Do Cops Have To Return Medical Marijuana Plants That They Take?
I have many friends who have had run ins with law enforcement which resulted in law enforcement taking their medical marijuana plants. When the cases went to trial, most of these friends were acquitted of all charges. In the process, the plants that were torn out by their roots had long since died. There are cases of this happening in almost every medical marijuana state in America.
The victims who had their medical marijuana plants wrongfully confiscated have the right to sue to get their property back, and if it’s damaged or destroyed, to sue for damages. Per the Green Field Reporter:
Whether or not state laws require, as they do in Colorado, police to return medical marijuana intact if a suspect isn’t charged or is acquitted, departments have been sued over pot that has wilted in their evidence lockers.
In Colorado Springs, a cancer patient who had faced drug charges is suing police after 55 dead plants were returned to him. The state appeals court had to order the police to return them.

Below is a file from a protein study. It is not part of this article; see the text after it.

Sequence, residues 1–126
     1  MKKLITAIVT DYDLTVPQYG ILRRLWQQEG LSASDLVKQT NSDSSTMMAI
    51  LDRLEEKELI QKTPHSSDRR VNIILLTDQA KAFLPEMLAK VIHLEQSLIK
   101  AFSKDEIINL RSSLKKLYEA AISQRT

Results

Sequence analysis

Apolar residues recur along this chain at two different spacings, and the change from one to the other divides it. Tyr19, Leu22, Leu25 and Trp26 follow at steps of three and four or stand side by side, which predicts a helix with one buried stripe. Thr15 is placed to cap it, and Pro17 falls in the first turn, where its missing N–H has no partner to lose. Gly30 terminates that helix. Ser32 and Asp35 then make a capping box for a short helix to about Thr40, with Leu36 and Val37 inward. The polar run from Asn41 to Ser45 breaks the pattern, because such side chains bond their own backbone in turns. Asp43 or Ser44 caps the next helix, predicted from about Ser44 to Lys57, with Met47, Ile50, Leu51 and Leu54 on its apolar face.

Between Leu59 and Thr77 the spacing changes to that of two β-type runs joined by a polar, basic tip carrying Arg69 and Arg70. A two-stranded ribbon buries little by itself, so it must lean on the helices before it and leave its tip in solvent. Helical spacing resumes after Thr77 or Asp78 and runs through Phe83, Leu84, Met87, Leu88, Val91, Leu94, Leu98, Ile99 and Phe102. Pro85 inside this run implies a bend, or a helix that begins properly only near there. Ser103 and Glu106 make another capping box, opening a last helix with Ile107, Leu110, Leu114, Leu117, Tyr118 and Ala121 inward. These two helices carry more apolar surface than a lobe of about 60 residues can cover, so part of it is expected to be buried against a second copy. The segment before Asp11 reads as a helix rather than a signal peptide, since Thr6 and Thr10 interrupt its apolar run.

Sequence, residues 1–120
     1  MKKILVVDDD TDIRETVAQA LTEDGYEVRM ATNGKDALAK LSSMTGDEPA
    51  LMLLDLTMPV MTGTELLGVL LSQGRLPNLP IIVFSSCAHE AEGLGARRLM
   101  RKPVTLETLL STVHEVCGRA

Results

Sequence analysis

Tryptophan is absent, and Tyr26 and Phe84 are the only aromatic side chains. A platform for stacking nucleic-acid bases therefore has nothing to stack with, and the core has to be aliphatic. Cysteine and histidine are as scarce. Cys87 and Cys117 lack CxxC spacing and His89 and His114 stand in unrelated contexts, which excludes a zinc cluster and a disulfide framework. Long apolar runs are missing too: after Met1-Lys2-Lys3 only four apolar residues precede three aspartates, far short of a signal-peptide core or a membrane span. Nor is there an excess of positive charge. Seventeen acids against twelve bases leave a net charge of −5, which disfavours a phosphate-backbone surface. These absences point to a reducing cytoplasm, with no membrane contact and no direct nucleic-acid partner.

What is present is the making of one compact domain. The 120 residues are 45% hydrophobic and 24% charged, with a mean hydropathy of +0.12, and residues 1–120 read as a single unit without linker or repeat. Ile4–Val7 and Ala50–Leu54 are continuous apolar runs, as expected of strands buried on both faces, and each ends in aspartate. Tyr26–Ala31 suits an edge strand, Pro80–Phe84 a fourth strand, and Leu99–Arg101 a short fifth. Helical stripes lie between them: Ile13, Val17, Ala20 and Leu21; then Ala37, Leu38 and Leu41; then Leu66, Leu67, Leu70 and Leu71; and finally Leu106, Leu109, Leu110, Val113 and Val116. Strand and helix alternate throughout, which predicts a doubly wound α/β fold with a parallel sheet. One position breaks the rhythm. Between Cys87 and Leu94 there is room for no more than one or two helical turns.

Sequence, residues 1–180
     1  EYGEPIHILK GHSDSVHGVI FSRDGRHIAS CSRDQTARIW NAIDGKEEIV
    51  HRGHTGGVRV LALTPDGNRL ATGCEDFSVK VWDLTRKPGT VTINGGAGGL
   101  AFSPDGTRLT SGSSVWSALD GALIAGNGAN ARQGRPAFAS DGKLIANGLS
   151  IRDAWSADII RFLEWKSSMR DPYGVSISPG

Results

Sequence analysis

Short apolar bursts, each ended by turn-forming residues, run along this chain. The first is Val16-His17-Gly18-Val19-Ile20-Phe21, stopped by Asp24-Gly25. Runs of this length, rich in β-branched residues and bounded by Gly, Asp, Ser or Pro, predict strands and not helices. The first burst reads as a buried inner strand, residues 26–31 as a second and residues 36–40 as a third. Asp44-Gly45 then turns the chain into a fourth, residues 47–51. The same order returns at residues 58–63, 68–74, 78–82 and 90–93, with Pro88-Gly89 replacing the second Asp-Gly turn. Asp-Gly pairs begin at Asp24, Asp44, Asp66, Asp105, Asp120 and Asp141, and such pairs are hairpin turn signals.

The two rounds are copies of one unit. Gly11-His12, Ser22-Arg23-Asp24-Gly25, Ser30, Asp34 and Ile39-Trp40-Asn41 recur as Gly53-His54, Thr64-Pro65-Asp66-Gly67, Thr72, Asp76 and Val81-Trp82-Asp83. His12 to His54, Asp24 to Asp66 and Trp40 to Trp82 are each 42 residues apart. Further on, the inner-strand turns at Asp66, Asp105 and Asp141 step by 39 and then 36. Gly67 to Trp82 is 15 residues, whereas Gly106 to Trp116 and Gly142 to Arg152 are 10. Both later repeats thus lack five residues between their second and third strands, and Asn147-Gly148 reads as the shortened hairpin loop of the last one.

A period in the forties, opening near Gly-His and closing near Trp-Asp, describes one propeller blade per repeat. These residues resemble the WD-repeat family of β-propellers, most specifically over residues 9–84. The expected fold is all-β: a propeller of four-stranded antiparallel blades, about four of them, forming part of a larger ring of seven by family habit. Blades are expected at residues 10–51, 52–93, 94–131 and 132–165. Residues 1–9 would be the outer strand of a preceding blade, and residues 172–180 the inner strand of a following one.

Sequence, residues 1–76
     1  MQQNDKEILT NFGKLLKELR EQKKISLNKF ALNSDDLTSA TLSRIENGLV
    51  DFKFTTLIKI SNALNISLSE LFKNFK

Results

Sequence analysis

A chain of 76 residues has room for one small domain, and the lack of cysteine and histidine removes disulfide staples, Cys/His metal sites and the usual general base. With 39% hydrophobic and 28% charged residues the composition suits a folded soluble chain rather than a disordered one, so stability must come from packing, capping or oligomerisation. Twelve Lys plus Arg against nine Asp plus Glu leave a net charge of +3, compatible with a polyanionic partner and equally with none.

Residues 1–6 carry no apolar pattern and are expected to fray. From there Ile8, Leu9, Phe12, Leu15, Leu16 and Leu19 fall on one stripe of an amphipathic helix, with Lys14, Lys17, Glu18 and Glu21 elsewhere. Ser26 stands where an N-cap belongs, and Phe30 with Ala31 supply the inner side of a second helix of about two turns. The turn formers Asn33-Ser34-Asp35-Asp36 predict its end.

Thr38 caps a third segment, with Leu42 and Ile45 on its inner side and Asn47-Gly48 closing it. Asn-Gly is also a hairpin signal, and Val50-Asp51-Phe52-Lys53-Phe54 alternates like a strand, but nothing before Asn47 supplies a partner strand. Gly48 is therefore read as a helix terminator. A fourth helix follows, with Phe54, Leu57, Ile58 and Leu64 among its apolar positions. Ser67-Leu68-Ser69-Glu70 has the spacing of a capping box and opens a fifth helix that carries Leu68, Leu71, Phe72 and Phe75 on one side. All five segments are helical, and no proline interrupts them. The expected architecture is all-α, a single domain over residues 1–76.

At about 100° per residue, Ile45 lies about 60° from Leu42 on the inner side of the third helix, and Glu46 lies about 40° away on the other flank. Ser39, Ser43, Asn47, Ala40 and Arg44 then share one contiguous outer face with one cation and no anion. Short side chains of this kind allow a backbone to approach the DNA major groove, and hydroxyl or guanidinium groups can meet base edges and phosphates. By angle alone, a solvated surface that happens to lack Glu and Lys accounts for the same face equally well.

Medical dispensary owner Alvida Hillery sued police to return her 604 pot plants or pay $3.3 million after she was acquitted of drug-cultivation charges. She dropped the suit in exchange for a city dispensary license.
Police departments who take first and ask questions later should be held accountable. Taking finished product is one thing – it can be given back after trial. However, taking living, breathing plants should be a last resort, and if the cops can’t keep them alive, they shouldn’t be taken at all. It’s very difficult to put a price tag on a medical marijuana plant, so restoring the confiscation victim to where they were prior to destroying the plants is very difficult.